A Beginner’s Guide to Composting

Why Compost?

Composting is a process of decomposition that happens everywhere in nature. When organic material breaks down, it results in compost – a nutrient-rich soil-like substance that is an extremely effective fertilizer.

According to the Environmental Protection Agency, about 28 percent of our landfill is food and yard waste, all of which could be converted into compost and used to return nutrients to the soil.1 When organic material (like food and yard clippings) goes to the landfill, you might think it eventually composts on its own; however, that’s not the case. When our trash goes to the landfill, it’s usually tightly compacted, buried, and sealed with a layer of clay and a lining to keep liquids from leaking out. Composting requires the right balance of heat, oxygen aeration, and moisture to work. In landfills, none of these conditions are met.2 When organic material is starved of oxygen, it emits methane as it breaks down, which is a greenhouse gas with 30 times the heat-trapping power of carbon dioxide. Some landfills collect this methane as a source of energy, but many do not. Municipal solid-waste landfills are “the third-largest source of human-related methane emissions in the United States.”3

Composting at home is easy and produces natural, organic, free, and highly effective fertilizer for your plants. Compost made from real organic material is the superior choice for your garden than buying synthetic fertilizer, which is detrimental to the environment. Fertilizer only feeds plants by giving them a direct dose of certain nutrients like calcium, phosphorus, and potassium. Compost contains a living ecosystem of microscopic fungi, bacteria, and other organisms that all work together to create a beneficial food web within the soil. Compost prevents erosion, replenishes the soil, controls weeds, and does a much better job of nourishing plants than synthetic fertilizer.4 One of our biggest environmental problems comes from synthetic fertilizer that leeches into streams, rivers, and lakes, causing eutrophication: The excess nutrients from fertilizer cause algal blooms, which deplete the oxygen in the water and wreak havoc on the ecosystem, killing fish like trout and salmon.5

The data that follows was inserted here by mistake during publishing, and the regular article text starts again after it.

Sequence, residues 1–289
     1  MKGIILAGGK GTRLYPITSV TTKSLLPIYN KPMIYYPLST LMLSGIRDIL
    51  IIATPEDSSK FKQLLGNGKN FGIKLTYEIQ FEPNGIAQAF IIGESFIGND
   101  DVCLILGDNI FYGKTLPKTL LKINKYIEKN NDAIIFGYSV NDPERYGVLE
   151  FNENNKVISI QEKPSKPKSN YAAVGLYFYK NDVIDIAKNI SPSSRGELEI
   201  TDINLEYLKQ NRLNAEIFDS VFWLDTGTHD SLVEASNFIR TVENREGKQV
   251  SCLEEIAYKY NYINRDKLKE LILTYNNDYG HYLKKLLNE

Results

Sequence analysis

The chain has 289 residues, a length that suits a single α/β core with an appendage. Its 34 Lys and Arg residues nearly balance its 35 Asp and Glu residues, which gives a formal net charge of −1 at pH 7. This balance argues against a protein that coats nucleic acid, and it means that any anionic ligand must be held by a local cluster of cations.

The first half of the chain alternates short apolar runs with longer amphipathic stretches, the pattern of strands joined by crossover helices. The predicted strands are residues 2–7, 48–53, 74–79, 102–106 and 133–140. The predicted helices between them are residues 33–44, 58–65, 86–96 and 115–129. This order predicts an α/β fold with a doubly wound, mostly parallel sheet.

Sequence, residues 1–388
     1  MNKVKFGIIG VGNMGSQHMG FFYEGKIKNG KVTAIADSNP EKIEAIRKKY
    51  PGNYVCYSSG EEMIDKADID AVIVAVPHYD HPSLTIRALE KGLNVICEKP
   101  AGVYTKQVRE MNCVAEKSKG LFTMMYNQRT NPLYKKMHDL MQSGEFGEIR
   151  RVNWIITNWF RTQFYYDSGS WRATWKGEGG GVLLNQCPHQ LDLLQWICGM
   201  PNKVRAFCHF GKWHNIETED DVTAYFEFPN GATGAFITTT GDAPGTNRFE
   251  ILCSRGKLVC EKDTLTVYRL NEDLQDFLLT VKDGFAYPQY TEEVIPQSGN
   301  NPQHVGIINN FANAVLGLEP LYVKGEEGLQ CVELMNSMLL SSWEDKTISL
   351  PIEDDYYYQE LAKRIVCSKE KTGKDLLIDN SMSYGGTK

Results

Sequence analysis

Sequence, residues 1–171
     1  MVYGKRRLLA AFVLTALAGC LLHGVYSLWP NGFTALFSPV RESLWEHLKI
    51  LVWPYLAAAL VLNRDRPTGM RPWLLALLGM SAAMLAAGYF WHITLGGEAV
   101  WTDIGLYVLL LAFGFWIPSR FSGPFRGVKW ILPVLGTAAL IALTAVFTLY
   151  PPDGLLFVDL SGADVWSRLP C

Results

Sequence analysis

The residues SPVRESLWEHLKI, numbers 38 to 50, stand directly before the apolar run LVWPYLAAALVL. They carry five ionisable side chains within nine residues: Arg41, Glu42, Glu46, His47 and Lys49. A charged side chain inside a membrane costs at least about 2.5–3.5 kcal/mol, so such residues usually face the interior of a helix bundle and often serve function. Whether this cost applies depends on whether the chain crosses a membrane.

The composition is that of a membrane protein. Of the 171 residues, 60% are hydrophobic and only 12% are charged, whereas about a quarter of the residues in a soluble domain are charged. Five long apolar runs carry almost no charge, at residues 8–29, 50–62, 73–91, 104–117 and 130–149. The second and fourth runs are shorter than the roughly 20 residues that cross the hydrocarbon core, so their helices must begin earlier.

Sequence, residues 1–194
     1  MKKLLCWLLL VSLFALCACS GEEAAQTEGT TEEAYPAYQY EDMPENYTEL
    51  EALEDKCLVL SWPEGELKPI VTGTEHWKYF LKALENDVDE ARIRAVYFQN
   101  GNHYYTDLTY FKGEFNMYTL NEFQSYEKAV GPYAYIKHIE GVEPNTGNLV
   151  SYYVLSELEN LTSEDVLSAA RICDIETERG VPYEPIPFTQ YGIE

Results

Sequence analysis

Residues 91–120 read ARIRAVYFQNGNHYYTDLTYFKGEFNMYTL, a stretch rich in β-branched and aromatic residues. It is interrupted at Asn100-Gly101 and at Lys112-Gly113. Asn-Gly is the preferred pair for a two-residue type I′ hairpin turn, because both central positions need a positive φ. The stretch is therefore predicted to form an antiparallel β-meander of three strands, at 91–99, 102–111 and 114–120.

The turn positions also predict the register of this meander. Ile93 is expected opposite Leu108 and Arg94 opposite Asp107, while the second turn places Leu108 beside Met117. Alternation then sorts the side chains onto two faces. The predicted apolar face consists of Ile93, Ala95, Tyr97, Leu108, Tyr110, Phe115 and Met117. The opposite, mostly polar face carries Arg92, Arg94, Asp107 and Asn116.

Convinced Yet?

Composting at home provides several benefits such as saving money, giving your garden a boost, and helping the environment significantly. There are a couple of methods you can choose depending on how much space you have. Composting can be done in a pile in your backyard, in a store-bought or DIY bin, and even in a container under the kitchen sink. There are plenty of options out there ranging from expensive automated systems to cheap homemade solutions. In this guide, we’ll show you a simple, affordable way to get started.

Step No. 1: Set Up Your Bin.

While a bin is not required for having a successful compost pile, we’ll go through the outdoor-bin method, which will keep your compost scraps out of sight and allow you to more easily control the elements in your compost pile. Composting needs the right balance of moisture, temperature, and aeration. There are several compost tumblers that you can buy, fill with organic material, and are easily rotated to aerate and speed up the process. You can also just as easily make your own by purchasing a plastic or rubber trash can with a secure lid. Use a drill to make five to six holes each in the lid, sides, and bottom of the bin to let air flow through. Make sure whatever container you choose is at least 3 by 3 feet.6

It’s also helpful to have gloves, shovel, and a pitchfork or aerator, which you’ll use to turn the pile every so often to improve air flow.

Step No. 2: Build Your Compost Pile.

Although industrial composting facilities can handle a larger variety of organic materials, for smaller home systems, it’s important to stick to organic matter, which will cause less problems and more easily break down.